Effect of the ground cover management on Cacopsylla bidens (Šulc, 1907) populations in pear orchards
Cacopsylla bidens (ulc, 1907) is one of the key pests of pear. Its management has been based on broad-spectrum insecticides, which cause the appearance of resistance and the disappearance of the population of the natural controllers. This fact makes it necessary to find alternative strategies to control this pest, and the biological control can be a sustainable solution in the long term. The aim of this work was to evaluate the effect of the ground cover management on psyllid populations and its natural enemies and register the natural enemies' families present in Uruguay. Sampling was conducted in southern Uruguay, between 2013 and 2015. Two treatments were evaluated: regular cut of spontaneous vegetation of interrow with herbicide in the row, and uncut vegetation of the interrow with no herbicide. To determine the presence of beneficial arthropods, a garden vacuum cleaner was used on a weekly basis. Psylla catches were significantly lower in the uncut treatment compared to the other treatment. Natural enemies, on the contrary, were higher in the uncut treatment. The pool of natural enemies found was present throughout the year and was composed of predators belonging to the families Anthocoridae, Miridae, Chrysopidae, Coccinellidae, Syrphidae and the order Aranae, as well as parasitoids belonging to the family Encyrtidae. These results allow us to conclude that treatment without management of the ground cover generates a condition beneficial for the increase of populations of natural enemies, probably due to better feeding and multiplication conditions. This beneficial fauna seems to control psyllid populations providing an alternative for management of pear psyllid, reducing the use of insecticides in the orchards.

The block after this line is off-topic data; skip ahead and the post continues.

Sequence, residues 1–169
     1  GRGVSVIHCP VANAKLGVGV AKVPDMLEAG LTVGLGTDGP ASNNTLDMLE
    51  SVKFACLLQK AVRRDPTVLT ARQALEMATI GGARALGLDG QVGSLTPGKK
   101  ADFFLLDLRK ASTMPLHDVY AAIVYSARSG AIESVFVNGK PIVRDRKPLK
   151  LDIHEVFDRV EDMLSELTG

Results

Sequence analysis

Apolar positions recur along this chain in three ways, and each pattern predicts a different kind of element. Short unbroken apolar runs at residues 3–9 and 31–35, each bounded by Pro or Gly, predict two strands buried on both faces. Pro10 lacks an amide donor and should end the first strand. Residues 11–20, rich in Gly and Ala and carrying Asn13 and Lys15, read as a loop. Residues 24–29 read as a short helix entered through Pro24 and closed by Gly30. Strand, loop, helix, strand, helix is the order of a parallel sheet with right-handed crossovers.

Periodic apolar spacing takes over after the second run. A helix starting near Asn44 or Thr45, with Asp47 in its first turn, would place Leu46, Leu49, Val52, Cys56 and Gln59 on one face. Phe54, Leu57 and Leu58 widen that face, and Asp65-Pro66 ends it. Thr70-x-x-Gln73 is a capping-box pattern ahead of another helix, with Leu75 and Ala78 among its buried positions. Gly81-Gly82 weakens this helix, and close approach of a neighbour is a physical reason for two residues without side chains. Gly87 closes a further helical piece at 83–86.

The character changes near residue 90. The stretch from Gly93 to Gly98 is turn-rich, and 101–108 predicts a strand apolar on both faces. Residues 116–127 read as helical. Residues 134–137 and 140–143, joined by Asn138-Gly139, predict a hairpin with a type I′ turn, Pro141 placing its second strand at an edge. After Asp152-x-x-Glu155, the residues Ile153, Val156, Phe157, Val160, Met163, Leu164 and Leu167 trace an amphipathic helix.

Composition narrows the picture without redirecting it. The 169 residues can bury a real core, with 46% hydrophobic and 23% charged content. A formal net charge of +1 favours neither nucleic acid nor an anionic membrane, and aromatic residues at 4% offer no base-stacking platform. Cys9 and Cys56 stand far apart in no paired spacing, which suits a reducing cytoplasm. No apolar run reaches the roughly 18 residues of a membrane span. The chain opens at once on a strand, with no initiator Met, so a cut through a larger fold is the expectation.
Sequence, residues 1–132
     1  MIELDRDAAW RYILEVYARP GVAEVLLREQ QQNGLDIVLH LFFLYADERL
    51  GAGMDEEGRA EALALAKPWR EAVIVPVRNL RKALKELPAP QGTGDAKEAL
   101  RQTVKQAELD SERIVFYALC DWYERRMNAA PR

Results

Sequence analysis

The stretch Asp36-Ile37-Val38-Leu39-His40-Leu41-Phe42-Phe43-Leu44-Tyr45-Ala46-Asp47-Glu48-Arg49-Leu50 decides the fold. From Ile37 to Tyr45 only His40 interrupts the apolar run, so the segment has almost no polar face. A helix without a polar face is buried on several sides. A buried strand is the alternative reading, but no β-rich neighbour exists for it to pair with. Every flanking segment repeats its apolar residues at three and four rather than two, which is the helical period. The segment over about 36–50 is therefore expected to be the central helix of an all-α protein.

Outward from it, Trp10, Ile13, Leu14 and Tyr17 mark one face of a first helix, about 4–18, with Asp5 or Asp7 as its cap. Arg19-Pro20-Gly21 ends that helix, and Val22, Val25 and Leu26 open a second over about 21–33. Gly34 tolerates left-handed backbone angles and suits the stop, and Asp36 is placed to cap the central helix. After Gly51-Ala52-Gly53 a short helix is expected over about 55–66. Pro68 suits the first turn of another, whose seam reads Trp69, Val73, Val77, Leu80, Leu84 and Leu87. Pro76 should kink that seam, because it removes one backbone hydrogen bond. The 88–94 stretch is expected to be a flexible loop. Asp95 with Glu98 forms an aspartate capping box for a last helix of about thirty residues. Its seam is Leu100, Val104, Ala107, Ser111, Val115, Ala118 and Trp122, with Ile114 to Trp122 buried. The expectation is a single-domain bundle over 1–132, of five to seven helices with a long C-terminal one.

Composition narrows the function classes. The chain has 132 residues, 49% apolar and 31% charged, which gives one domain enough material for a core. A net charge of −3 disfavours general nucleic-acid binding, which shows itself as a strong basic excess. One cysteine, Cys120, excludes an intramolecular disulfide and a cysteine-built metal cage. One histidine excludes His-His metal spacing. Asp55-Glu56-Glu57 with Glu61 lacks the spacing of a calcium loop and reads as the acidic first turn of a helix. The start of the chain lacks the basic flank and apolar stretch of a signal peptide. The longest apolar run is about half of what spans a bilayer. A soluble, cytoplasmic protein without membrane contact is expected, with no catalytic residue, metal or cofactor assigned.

Valle, D., Mujica, V., Silvera, M., Borges, A., Zoppolo, R. and Morelli, E. (2021). Effect of the ground cover management on Cacopsylla bidens (Šulc, 1907) populations in pear orchards. Acta Hortic. 1303, 375-380
Psyllidae, Entomophagos, 'Williams' pear, conservational biological control, integrated pest management